The heating, ventilation, and air conditioning (HVAC) system ensures you have a cool and comfortable home throughout the hot summer season. There are many components of an HVAC system. One critical but often overlooked component of your HVAC system is the capacitor. The capacitors act like a battery and stores the energy that is needed for the motor and compressor in your air conditioner or furnace. A failing capacitor can lead to issues with your HVAC system. Hal Mechanical would like to share some of the early signs of a failing capacitor to save you time, money, and ensure you stay comfortable all year round.
What Does the HVAC Capacitor Do?
A capacitor is an essential component of your HVAC system. It supplies and stores energy that is used to start up and run the motors that power the fans and the compressor. There are two types of capacitors found in most HVAC systems. There is the start capacitor, which provides the initial boost to start the motor, and the run capacitor, which maintains a steady flow of electricity to keep the motor running. If the capacitors wear down or fail, they will not be able to start up the fan motor or compressor which is essential in the cooling process.
How Do I Know if My HVAC Capacitor is Bad?
Difficulty in Starting – One of the most common signs of a bad capacitor is when your HVAC system has a hard time starting up. You might hear a humming sound as it attempts to start but cannot quite get the job done. This happens because the capacitor is unable to provide the necessary jolt of electricity to start the motor.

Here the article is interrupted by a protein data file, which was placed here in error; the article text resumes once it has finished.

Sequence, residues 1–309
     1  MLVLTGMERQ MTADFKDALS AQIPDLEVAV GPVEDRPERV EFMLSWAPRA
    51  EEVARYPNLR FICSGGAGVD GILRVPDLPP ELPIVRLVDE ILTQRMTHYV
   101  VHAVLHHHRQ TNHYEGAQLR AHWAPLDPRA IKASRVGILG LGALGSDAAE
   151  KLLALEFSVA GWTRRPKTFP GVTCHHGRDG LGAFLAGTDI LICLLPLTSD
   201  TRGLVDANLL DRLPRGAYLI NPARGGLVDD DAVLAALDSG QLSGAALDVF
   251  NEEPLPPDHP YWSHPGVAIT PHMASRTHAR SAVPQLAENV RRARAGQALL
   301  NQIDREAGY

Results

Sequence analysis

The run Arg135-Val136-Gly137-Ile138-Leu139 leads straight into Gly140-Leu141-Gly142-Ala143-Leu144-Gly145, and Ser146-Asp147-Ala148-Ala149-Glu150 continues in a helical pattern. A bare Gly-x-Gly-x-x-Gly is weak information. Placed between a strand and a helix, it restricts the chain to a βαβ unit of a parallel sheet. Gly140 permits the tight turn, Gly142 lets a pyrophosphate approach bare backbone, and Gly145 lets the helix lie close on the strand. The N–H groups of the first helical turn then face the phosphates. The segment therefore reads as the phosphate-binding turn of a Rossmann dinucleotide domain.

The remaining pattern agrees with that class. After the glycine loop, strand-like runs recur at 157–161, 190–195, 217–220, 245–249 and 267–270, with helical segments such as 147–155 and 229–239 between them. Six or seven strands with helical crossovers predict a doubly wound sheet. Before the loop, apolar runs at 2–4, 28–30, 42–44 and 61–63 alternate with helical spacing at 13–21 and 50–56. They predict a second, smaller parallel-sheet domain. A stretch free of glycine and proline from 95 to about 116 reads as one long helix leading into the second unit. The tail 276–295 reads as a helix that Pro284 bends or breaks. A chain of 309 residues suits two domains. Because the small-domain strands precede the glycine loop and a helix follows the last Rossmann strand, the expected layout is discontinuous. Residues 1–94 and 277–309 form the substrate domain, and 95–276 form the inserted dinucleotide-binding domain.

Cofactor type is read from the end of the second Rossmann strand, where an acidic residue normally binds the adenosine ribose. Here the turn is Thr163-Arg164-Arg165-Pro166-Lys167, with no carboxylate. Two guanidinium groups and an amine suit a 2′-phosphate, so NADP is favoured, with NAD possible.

Inconsistent Temperature – Another sign of a bad capacitor is unstable cooling. If the capacitor is malfunctioning or failing, it may not be supplying the necessary energy to keep the motor and compressor running efficiently. As a result, the air that is circulated may not be as cold as it should be.
High Energy Bills – If your energy bills are suddenly much higher without any change in your usage or energy rates, a failing capacitor could be the reason. As the capacitor struggles, the system will draw more power in an attempt to maintain a comfortable home, leading to higher energy consumption.
Swollen or Leaky Capacitor – There are physical signs can also indicate a failing capacitor. If the capacitor is swollen or leaky, it’s likely going bad. Typically, capacitors are flat and cylindrical. If it appears swollen or bulged, or if there’s oil around it, it’s time to replace the capacitor.
Age and Lifespan – Most capacitors have a life span of about 10 to 20 years, although this can be shortened by factors such as excessive heat exposure, voltage fluctuations, and frequent on-off cycles. If your HVAC system is within this age range and experiencing issues, it might be the capacitor.
Why is Regular HVAC Maintenance Important?
Regular HVAC system maintenance can help you identify issues like a failing capacitor before they become a major problem. An HVAC professional can check the system’s components, including the capacitors, during regular maintenance or tune-ups. This can prevent unexpected breakdowns and keep your system running efficiently. A failing capacitor can have a major impact on the efficiency and functionality of your HVAC system. By seeing the signs of a failing capacitor, you can address the problem early and keep your system running smoothly.